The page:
Depression: Your Brain on Sugar
The same can be said about the effects of sugar on the brain. In the case of sugar, however, the effects are marked by a high risk of long term mental illness like depression rather than a brief yet dangerous, drug induced high.
Depression is at epidemic proportions in our modern society. Even children are not immune with some estimates putting 1 in every 8 teenagers as clinically depressed.
What’s more, major depression is projected to become the #2 disability in the United States by 2020 with 1/4 of the population suffering its devastating impact sometime during their lives.
Are Antidepressant Drugs the Answer?
When the sobering diagnosis of depression is given, the typical remedy given by doctors is a script for antidepressant drugs.
According to Nora Gedgaudas, author of Primal Body Primal Mind, antidepressant drugs only have about a 13% effectiveness rate, just slightly better than a placebo.
Moreover, for the small minority of people for whom antidepressants actually help, 30-40% of them will not find antidepressant drugs effective over the long term.
Bottom line? If you are depressed, don’t look to drugs as the long term solution especially if you want to maintain a normal sex life. Antidepressants are well known to significantly dampen or even completely eliminate libido!
Instead of drugs, look to your diet as the best long term solution to depression.
Are You A Carbovore?
Diet has a tremendous impact on the development of depression and whether or not the sufferer successfully recovers long term. For some unknown reason, however, this basic truth is consistently ignored by most conventional medical authorities other than the possible suggestion of a doctor’s office recommended supplement of industrialized fish oil capsules!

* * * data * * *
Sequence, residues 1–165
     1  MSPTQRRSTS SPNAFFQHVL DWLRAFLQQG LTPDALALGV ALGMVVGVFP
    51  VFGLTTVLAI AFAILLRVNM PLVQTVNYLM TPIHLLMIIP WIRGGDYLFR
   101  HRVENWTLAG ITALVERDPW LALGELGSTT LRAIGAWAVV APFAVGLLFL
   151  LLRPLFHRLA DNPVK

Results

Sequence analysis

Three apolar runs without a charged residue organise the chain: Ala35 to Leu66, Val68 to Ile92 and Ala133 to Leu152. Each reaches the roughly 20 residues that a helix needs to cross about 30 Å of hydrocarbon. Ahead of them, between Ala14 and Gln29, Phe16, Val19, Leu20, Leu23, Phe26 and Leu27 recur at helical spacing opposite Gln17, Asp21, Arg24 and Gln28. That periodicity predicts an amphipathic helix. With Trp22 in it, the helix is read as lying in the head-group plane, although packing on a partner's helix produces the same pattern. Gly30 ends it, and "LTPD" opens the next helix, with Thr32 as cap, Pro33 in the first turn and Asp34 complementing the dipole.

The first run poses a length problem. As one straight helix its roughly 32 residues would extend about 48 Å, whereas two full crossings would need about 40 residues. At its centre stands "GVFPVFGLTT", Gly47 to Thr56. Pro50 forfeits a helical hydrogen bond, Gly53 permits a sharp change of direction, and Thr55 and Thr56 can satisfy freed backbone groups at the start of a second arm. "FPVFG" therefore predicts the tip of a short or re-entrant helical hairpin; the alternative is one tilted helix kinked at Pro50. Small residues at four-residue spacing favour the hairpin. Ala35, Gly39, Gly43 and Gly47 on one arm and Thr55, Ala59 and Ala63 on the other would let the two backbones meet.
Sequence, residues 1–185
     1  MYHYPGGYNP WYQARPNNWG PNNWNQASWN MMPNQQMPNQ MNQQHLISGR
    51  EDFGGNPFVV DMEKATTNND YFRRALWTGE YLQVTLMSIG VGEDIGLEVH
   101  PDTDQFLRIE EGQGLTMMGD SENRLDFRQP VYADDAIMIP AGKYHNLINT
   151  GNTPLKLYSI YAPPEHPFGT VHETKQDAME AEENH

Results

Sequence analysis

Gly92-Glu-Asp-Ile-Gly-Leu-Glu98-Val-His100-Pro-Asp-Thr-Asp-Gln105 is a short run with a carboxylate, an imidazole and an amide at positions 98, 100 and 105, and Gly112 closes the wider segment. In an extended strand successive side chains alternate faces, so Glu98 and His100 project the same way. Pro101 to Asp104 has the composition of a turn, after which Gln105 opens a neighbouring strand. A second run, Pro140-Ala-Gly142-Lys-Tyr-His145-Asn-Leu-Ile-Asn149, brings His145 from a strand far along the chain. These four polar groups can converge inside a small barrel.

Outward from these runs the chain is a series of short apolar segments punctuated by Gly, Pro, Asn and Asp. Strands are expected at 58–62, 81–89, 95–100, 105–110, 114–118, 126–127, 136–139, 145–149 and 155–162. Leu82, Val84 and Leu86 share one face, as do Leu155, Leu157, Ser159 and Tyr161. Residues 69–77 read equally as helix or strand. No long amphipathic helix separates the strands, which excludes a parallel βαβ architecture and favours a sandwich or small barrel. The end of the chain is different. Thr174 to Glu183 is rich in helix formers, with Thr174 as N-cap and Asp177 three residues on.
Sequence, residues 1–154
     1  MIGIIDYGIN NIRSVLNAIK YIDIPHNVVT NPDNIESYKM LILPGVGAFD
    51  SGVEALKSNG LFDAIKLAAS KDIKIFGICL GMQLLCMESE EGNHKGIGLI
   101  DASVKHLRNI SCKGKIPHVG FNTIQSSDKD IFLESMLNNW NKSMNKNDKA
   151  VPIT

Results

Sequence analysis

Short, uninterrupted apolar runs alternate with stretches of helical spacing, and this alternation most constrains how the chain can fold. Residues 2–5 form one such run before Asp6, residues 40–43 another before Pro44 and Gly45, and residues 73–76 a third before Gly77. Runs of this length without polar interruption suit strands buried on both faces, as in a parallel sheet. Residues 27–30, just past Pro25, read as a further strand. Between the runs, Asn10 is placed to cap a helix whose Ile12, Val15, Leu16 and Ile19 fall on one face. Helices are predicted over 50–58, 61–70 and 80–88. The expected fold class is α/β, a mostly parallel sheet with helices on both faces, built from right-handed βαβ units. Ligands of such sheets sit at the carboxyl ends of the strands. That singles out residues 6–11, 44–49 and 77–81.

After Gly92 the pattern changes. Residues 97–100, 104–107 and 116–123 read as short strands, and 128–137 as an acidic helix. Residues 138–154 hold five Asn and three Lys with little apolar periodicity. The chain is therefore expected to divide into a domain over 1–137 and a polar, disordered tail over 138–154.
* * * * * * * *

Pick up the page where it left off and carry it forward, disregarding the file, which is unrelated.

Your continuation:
Imbalanced, unstable, surging blood sugar is a common source of depression as well as simple irritability and violent tendencies according to Ms. Gedguadas, a board certified Nutritional Therapist and Clinical Neurofeedback Specialist.
Doubt that blood sugar plays a huge role in brain health?
Consider that Alzheimer’s patients are notorious for having a voracious sweet tooth. Eating sweets on a frequent basis with the accompanying blood sugar surges depletes magnesium in the body at a rapid rate leaving the brain vulnerable to the ravages of aluminum.
A high aluminum level in the brain is, of course, a hallmark symptom of Alzheimer’s Disease.
How Sugar Destabilizes the Brain
Blood sugar surges actually destabilize the brain via the deadly process of glycation.
In layman’s terms, glycation is the chemical process in the body whereby glucose, proteins, and certain fats become tangled together making all manner of body tissue stiff and inflexible – including the brain.
Glycation is a big free radical problem in the body causing rapid aging. In neurological terms, glycation has the very real potential of actually shrinking brain tissue.
Absolutely nothing is more destabilizing to the brain than surging blood sugar which results in rampant glycation in the body.
Case in point: Have you ever noticed how your temper gets really short after that midafternoon candy bar? Similarly, this is why kids get so moody and disruptive when a teacher ironically and misguidedly gives them candy as a reward for good attention.